PBS anchor Jim Lehrer told public broadcasters Tuesday that they must continue to defend their federal funding and raise more money to meet an increasing need for serious journalism as commercial newspapers and broadcasters see declines.
The heads of PBS, NPR, Minnesota-based American Public Media and others gathered in Washington to discuss the most serious threats in Congress to their federal funding in 44 years.
Lehrer said public media needs to produce more local news and serious journalism because other channels are being used to "tease and to entertain and only to inform across the surface."
"I have a good source on why this is a problem. The source is Thomas Jefferson," Lehrer said. "Thomas Jefferson told the folks back when this country was founded that the only way this democratic society we just created is going to work is if there is an informed electorate."
The National Press Club and the University of Missouri School of Journalism hosted a summit weeks after federal funding for public broadcasting was a prime target for cuts in the long-stalled 2011 budget. The Republican-led House voted to eliminate funding for public broadcasting. Those efforts stalled in the Democratic-controlled Senate, and a budget deal with the White House kept most money intact at $430 million this year.
Much of the uproar focused on NPR after the controversial firing of analyst Juan Williams over his comments about Muslims, and following the release by a conservative activist of footage that appeared to show an NPR executive condemning the tea party movement.
NPR's chief executive and chief fundraiser were forced out in the scandal.
The budget fight is not over, though, said Patrick Butler, CEO of the Association of Public Television Stations, which lobbies for local stations in Washington. Many in Congress still want to defund public broadcasting in the 2012 budget and beyond, he said.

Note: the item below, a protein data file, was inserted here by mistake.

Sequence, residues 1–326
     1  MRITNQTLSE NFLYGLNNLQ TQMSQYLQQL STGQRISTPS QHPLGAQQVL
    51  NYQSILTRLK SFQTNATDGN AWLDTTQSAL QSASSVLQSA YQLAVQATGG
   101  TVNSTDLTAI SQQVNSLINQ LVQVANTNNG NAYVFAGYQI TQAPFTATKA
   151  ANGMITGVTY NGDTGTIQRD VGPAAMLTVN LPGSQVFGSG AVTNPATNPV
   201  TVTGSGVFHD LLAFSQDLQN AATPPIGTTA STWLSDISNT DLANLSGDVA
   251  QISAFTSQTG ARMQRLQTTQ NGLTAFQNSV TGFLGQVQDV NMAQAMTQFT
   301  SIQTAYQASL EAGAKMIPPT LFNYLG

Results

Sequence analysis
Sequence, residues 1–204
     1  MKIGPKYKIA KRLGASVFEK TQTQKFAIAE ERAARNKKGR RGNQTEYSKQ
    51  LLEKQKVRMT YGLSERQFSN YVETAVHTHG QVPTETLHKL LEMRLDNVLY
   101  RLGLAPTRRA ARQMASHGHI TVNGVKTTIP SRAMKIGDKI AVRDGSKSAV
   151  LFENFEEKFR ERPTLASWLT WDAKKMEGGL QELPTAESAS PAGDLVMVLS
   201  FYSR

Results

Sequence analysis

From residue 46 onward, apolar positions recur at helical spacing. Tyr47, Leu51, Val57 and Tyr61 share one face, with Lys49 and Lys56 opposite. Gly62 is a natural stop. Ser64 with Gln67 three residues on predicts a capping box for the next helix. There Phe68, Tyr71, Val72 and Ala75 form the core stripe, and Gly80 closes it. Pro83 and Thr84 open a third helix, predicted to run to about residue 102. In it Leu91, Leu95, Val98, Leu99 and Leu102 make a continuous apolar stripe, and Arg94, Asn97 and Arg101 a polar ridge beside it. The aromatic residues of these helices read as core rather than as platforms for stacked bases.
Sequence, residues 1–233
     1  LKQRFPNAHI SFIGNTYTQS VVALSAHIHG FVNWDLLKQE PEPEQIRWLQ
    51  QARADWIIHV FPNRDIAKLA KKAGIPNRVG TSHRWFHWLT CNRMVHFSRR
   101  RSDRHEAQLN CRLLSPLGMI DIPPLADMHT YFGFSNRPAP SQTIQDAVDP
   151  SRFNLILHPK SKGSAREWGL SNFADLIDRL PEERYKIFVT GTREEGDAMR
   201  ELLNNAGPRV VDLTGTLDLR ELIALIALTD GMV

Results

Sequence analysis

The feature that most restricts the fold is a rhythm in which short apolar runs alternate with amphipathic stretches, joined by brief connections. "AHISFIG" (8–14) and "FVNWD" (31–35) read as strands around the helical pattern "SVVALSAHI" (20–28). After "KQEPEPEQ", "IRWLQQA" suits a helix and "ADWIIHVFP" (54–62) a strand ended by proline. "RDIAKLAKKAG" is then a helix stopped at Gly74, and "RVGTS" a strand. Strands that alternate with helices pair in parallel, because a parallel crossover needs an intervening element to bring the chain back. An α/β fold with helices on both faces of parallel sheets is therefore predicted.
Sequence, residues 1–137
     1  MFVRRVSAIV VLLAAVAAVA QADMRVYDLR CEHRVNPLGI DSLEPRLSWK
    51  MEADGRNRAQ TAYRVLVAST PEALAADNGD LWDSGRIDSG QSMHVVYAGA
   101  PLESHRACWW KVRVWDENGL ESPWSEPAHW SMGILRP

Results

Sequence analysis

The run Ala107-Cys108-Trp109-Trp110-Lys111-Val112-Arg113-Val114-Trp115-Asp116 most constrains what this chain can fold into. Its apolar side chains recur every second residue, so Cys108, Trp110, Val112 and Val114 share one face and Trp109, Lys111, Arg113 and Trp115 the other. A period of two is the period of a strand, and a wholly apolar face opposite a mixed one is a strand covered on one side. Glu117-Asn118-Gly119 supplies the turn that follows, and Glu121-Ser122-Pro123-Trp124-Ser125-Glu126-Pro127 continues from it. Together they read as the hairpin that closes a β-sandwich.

"This is going to be a continuing battle for us for quite some time," he said. "What we don't want to do is to perpetually be in the position where we're sort of gasping for air."
South Carolina Sen. Jim DeMint has pledged to continue efforts to cut off funding, citing federal deficits.
Still, supporters in the latest budget showdown proved to outnumber those who oppose funding for PBS and NPR stations. Butler said there can be broad bipartisan support for public broadcast funding because it's such a small part of the federal budget but is critical for many local stations.
Interim NPR chief executive Joyce Slocum said the Washington-based public radio network has rebounded from the controversy over its management.
"Our journalism has not missed a beat," she said.
Executive Editor Dick Meyer said NPR is working on a project to place two reporters in every state capital across the country through its Impact of Government initiative.
"It's an area where commercial media is retreating with Custer-like force," Meyer said.
Some PBS stations also are starting new local news programs, including WNET-TV in New York, which plans to launch its MetroFocus program online this summer and eventually on television.
Funding threats from Congress can be a chance to rethink priorities and how public broadcasting is structured, said Bill Kling, CEO of American Public Media.
"Public broadcasting is going to be probably the last person standing, in some form, in terms of journalism," he said. "We're here but nowhere near as developed as what we need to be."
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